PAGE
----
How Much Does a Website Cost?
I am often asked how much will a website cost when I talk with prospective clients. Unfortunately for them and me, the answer is usually: it depends.
There are so many different options when it comes to developing a website and having advanced functionality. This can be further complicated by demand for artistic look and feel raised by client. Finally, just to make things more complicated, we get into the question of who has responsibility for the content of the site. All these factors will have an impact on the cost to “build a website.”
For the purposes of this article, and given the reason you clicked on the title, merely answering “it depends” will not satiate your curiousity, so permit me to attempt a few specific answers to at least give you a sense of what it will cost.
The Low End
If you only want a brochure site that you will edit yourself, opitmize yourself and lay in your own graphics, while still not doing any actual HTML work, then you can go to intuit.com and they will happily sell you a hosted site. Intuit acquired a formerly free web hosting company called Homestead (a name anyone who was big on the Internet in the late-90’s will recognize). It is certainly an option, and while it is not an option that involves using Tripepi Smith for web development services, there are certainly times where it makes sense for the right client. Learn more here: http://www.intuit.com/website-building-software/. As of the time I am authoring this, the pricing is $4.99 a month, including hosting.
Less Low End
If you want some guidance on domain name suggestions and ensuring that the site will at least somehow tie in to your overall look and feel, then you might want to talk to a web designer or IT consultant with web exposure. This person can help you think about branding associated with both your website and your email and how to manage your DNS. They may even offer hosting services as part of their array of services (though that $4.99 prices is shockingly cheap – devil may be in the details on what that includes). At this low end of the pricing, one is likely to use a template site where you simply fill in certain areas with the words you want to use and you can likely replace certain key graphics, though nothing that would dramatically affect the look of the template. One could also go directly to a firm that is focused on low end website development and leverage the templates that they may already have in place. This has the advantage of getting it done cheaply while leveraging the repeated skills of editing the templates that the shop offers, so they may have the ability to do more “whiz-bang” things than your typical purchased template.
For this less low end range, we are talking $500 – $3,000 in consulting fees and such and, again, relatively cheap hosting.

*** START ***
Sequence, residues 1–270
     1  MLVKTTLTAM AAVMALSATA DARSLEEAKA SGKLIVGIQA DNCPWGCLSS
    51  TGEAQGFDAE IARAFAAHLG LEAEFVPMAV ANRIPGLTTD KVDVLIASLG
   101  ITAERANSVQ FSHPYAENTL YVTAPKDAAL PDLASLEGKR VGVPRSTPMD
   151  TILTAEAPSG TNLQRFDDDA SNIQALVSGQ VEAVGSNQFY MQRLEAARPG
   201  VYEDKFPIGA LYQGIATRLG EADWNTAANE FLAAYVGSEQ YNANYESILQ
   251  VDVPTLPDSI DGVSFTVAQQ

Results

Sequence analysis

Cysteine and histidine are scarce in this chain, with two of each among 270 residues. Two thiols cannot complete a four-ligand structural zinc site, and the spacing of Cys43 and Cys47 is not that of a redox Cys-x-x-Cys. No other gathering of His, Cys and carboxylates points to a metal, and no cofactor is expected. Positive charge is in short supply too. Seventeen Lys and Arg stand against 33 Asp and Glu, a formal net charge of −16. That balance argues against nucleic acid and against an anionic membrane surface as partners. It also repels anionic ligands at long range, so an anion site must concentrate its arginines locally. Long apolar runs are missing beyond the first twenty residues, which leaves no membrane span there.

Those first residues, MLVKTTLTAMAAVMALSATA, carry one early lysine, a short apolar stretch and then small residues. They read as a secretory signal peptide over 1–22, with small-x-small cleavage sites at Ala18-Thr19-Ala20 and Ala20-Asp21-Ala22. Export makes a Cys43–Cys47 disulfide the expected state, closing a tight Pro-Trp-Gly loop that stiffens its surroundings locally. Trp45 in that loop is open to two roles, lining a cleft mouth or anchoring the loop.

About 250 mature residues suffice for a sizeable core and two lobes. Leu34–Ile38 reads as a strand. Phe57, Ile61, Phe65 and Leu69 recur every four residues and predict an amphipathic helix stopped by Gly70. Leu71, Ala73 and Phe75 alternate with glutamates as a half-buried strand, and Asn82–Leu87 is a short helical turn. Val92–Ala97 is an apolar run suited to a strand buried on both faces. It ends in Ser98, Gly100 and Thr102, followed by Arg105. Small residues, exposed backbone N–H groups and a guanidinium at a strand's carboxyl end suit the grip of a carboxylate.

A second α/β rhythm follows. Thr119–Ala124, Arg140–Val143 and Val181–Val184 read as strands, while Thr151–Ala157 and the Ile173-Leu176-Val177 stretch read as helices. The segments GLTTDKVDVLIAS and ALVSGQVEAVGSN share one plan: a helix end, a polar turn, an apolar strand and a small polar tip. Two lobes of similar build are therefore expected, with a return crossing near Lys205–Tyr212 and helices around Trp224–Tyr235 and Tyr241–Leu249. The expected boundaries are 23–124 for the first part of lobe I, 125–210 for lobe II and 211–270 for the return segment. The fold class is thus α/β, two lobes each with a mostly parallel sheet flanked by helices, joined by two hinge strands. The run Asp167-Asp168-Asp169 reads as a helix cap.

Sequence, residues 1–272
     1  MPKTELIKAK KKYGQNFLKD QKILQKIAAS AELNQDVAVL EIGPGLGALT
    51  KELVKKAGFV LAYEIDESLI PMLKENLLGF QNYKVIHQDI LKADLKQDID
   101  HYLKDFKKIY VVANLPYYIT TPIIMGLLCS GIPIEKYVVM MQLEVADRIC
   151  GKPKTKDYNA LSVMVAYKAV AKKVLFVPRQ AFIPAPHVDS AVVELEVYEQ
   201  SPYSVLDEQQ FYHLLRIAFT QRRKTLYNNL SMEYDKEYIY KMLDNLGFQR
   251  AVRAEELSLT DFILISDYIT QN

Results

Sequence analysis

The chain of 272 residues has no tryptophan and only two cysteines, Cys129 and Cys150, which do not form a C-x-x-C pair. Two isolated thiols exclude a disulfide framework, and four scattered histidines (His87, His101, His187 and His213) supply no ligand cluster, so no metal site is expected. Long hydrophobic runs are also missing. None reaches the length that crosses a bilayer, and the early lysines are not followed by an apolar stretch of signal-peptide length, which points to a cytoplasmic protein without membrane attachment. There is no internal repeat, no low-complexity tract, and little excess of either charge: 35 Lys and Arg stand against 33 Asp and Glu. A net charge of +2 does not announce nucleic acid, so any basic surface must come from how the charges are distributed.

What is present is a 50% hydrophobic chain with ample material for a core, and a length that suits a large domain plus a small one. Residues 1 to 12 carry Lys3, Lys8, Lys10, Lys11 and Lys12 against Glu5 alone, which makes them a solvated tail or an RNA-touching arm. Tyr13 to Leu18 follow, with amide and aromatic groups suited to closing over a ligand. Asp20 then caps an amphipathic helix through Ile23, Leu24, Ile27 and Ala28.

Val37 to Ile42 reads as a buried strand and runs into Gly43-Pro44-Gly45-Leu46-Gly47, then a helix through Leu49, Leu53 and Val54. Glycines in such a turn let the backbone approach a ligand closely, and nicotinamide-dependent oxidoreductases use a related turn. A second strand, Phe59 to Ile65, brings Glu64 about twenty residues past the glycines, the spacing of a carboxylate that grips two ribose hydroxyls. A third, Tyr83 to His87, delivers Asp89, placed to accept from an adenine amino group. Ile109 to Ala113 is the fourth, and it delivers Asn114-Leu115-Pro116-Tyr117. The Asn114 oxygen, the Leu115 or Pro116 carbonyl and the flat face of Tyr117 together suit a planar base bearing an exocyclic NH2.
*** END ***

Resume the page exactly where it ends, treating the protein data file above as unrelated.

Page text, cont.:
At the mid-tier, you are now looking to developer with custom graphics and advanced content and functionality. Here a template of some form may still be used, but you are looking for more advanced features and lots of supported customization on the site. Your development platform options expand to include an array of languages and content management systems (CMS). CMS in play here include WordPress (what this site is using), Drupal or Joomla (these latter two being a bit more advanced). You may, at this point start reaching out for someone to write the content for you and you may be looking for custom photo work to be done. There is also likely some use of a stock photo service like istockphoto.com to help add professional looking graphics and images at a reasonable price. It is also possible, at this mid-tier that you are adding some custom database work and some other interactive functionality. You should also anticipate some costs toward search engine optimization(SEO). There is not much point in spending money developing your website if you are not going to take the time to make sure people can actually find it. Just be careful of those who promise the world when it comes to SEO. See my article on Search Engine Optimization and Snake Oil.
Mid-tier pricing will range from about $3,000 up to $15,000 depending on several factors having to do with level of features, utilization of templates to expedite development and any interactive database functionality or other advanced coding.
Sky Is the Limit
The reality is, you can spend to infinity on web development. Consider Amazon.com and what their annual budget is for development. Here is a site that has been attempting to perfect the art of e-commerce for over a decade, yet I would bet their website development budget is far larger today than it was a decade ago. Why? Because the Internet is evolving, technology standards are changing and keeping pace with all that is expensive.
If you are reading this, you are not likely spending what Amazon is spending, and you are more likely in the low to mid-tier pricing range. The important thing for you is to spend an amount that is appropriate for the size of your business and its relevance to an Internet audience. An ethical consultant will walk through that logic with you, target a budget and then aid in executing on that strategy. Your initial spend on a website should be focused on hitting the basics of your business, accomodating some method of directing people to contact you and ensuring that if people are specifically looking for you, they will find you (as opposed to finding you through a more general search). More and more, people are a little suspect of your business when they can’t find you on the Internet.